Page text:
Research

  • Sulfur cycling in seafloor methane seeps
    methane_seepSeafloor methane seeps are found along the edges of continental shelves at both passive and active plate margins and represent an estimated 8% of global methane production. A significant portion of the microbial population found in these environments are anaerobic methane oxidizing consortia that consume methane prior to venting on the seafloor and are also intricately tied to the sulfur cycle in the subsurface. Using a high-resolution sulfide film technique to analyze δ34S on the cm to micron scale captures rapid fluctuations in subsurface microbial activity and can be used to compare activity at methane seeps in different tectonic environments. Analyzing the mineral record paired with porewater profiles using a variety of techniques on different spatial scales will help determine how ephemeral microbial processes might ultimately become recorded in the rock record. High school students participating in the STARS program will conduct part of this research.

  • Paleozoic Carbon Isotope Chemostratigraphy
    Rachel_HMStable carbon isotopes isotopes (δ13Ccarb)  can be used as a chronostratigraphic tool as the shallow ocean homogenizes with atmospheric values on a 1,000 year time-scale. Therefore, C isotopes can indicate syndepositional units and can provide better correlative resolution that lithostratigraphic methods. We are using C isotopes to understand the depositional and erosional history of Late Ordovician units deposited during the Guttenburg inorganic Carbon isotope excursion (GICE). These correlations can then be used to understand numerous geologic and paleoenvironmental characteristics relevant to Earth historians and stratigraphers.

    Millbrig K-bentonite (altered volcanic ash bed in the Castlewood limestone (Decorah Fm.) near Barnhart, MO. Numerous widespread ash beds occur during GICE time and are used as chronostratigraphic markers for spatially disparate sections.

  • Ordovician Hirnantian glaciation and mass extinction

    DrJonesThe two-stage end Ordovician extinction is one of the most dramatic mass extinctions in the rock record, and one of just three extinctions caused exclusively by increased extinction rates as opposed to decreased origination rates. The extinctions are associated with the onset and end of the Hirnantian δ13Ccarb excursion, the largest positive isotope excursion in the Phanerozoic rock record. This interval is also marked by major glaciation and a global sealevel lowstand. A parallel positive excursion in δ18Ocarb accompanies the Hirnantian δ13Ccarb excursion, suggesting a linkage between glaciation and restructuring in the carbon biogeochemical cycle. By synthesizing fossil abundance and diversity, chemostratigraphic, and sequence stratigraphic data, we are continuing to address the causal relationships between glacio-eustasy, ocean circulation, carbon and sulfur cycling, and this mass extinction.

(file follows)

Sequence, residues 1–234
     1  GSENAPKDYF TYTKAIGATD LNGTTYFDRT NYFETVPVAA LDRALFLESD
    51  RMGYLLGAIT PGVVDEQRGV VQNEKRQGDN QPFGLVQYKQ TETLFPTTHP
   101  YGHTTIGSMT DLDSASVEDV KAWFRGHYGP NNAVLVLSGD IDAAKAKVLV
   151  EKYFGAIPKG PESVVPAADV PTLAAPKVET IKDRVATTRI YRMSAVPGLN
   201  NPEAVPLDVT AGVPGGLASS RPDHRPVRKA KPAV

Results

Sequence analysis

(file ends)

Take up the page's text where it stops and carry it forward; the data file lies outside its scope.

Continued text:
Dr. Davey Jones putting his finger on the beginning of the Hirnantian δ13Ccarb excursion, Anticosti Island, Canada.

  • Micron-scale analysis of microbial systems Mexico

    The metabolic activities of microbial mats have likely dominated biogeochemical cycling and ocean/atmospheric redox over most of Earth history. However, the fine-scale (micron) spatial distribution of these microbes within sedimentary environments and the exact relationship between metabolic activity and the establishment of geochemical gradients remains poorly constrained. Working with Prof. Victoria Orphan (Caltech) and Prof. Greg Druschel (IUPUI), we are pursuing a parallel microgeochemical and microbiological study of um-scale biogeochemical cycling within microbial mats to help shed light on these topics. The parallel application of the methodologies developed here provides a new toolset that can shed light on metabolic activity at an unprecedented scale within microbially dominated sedimentary environments.

  • Micron-scale isotopic analysis of Archaen pyrites: constraining the rise of Oxygennodules

    Sulfur isotopes have proved key to our understanding of the Archean-Proterozoic transition and the initial accumulation of oxygen in the atmosphere. Traditional analyses have been based primarily on bulk hand samples. Here, we are investigating the absolute value and spatial variability of sulfur isotope signatures (δ34S and Δ33S) within individual pyrite grains allowing us to identify discrete populations of these sulfides and to better understand the environmental/diagenetic conditions associated with their formation.

  • High-precision SIMS analysis of carbonate-associated sulfate 34SCAS)Archean_carb

    Traditional analysis of carbonate-associated sulfate (CAS) relies on large hand samples that often have contain many different generations of carbonate and are often associated with complicated diagenetic histories. Here, we are working to analyze CAS at a much finer scale (~10 microns) that will allow us to analyze individual grains or fossils, thereby eliminating much of the uncertainty in complex multi-component sample.

  • Identifying the source(s) of gypsum in Mammoth Cave, KYgypsum blades

    The Mammoth Cave system is the longest navigable cave system in the world at >390 miles mapped. Numerous passages are coated in gypsum with morphologies ranging from “snowballs” to spectacular blades. However, the source of gypsum has been debated for over a century. Our group, in collaboration with veteran cave mappers Bob Osburn and Aaron Addison (both WashU), is using stable S isotopes to identify the possible sources of S in S-containing phases of the surrounding bedrock and water.